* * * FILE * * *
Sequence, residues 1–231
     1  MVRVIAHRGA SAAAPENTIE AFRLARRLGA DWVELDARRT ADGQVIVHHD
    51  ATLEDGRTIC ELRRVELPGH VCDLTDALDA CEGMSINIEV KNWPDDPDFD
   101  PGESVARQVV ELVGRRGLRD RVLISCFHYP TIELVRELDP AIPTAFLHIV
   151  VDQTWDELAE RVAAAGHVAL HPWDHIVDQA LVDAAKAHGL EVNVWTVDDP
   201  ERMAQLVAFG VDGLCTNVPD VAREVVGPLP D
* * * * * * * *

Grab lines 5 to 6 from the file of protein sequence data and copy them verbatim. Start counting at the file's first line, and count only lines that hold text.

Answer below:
   151  VDQTWDELAE RVAAAGHVAL HPWDHIVDQA LVDAAKAHGL EVNVWTVDDP
   201  ERMAQLVAFG VDGLCTNVPD VAREVVGPLP D